The racing in Bahrain came in for a lot of criticism. What was it like from the cockpit to race without refuelling?
Especially at the beginning, it felt like the race was happening in slow motion compared to last year because we had so much fuel onboard and the lap times were so much slower. It was interesting to see how the different teams reacted to the challenge: we set a benchmark for the strategy by stopping very early for new tyres, and we saw the other cars that started on the softer tyre all came into the pits two or three laps after us. We now only have three sets of tyres to use in Friday practice, and the running time is quite limited, so you can’t develop such a good understanding of the differences between the two compounds. Teams will have to be very reactive to how the tyres are behaving in race conditions, and they’ll need to adapt their strategies quickly.

How will the R30 cope with the demands of the Melbourne circuit?
Overall, before the start of the season, I had the feeling that Melbourne would be a better circuit for us than Bahrain. Now that we have seen the other cars running and collected more information about where we stand, I think even more that it will be a good circuit for us. The circuit is very low grip at the start of the weekend, and you need good mechanical grip, braking stability and ride, so I hope we can put in a strong performance and achieve the car’s full potential.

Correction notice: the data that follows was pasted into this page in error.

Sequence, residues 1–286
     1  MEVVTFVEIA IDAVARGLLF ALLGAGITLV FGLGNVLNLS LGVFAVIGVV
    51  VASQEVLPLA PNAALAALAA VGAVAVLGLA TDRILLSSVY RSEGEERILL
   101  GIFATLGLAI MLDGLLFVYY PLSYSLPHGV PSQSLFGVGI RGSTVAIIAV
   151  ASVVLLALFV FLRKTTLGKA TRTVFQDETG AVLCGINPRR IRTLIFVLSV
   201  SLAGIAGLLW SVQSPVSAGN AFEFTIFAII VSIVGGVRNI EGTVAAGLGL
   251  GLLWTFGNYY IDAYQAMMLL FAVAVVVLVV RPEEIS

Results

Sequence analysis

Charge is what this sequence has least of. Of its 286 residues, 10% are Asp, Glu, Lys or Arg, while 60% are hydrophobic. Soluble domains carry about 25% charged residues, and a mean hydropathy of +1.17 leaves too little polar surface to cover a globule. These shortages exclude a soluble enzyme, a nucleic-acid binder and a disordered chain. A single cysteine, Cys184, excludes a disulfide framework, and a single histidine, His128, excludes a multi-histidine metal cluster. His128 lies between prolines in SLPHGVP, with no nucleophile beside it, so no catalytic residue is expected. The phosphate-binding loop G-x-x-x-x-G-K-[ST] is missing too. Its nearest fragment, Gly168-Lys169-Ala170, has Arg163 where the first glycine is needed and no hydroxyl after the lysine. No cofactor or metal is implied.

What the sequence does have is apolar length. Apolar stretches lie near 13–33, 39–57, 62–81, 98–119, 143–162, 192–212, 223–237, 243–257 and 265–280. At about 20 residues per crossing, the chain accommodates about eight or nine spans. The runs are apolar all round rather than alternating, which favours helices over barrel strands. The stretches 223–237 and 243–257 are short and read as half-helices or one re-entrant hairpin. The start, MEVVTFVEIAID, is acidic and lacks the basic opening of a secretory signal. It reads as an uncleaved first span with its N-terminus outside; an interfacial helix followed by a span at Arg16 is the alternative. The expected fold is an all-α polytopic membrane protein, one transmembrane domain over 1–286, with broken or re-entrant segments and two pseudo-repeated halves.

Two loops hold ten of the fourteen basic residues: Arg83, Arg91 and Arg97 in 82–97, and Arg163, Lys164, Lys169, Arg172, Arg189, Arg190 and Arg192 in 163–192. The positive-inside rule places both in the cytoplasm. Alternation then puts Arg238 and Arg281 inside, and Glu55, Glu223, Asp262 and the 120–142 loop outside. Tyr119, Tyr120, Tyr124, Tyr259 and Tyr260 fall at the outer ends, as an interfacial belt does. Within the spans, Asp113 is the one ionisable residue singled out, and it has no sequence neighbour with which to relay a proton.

The goal for Australia is to capitalize on the momentum that Bahrain showed. But what is a realistic goal for the team? Alan Permane explains:

We have some new aero parts for Melbourne, which should give us a bit more performance. There’s a new front wing and a new part on the rear wing, which improves our overall downforce.

The target is to get both drivers into Q3. I think that’s a realistic target given our competitiveness. If we can do that then both drivers should be capable of fighting for points.

Renault also announced a change in their Altran/Renault internship program for aspiring young engineers this week prompting a back-slap from F1B as we think it’s a great way for young talent to enter F1. For all of you aspiring F1 engineers, here are the details: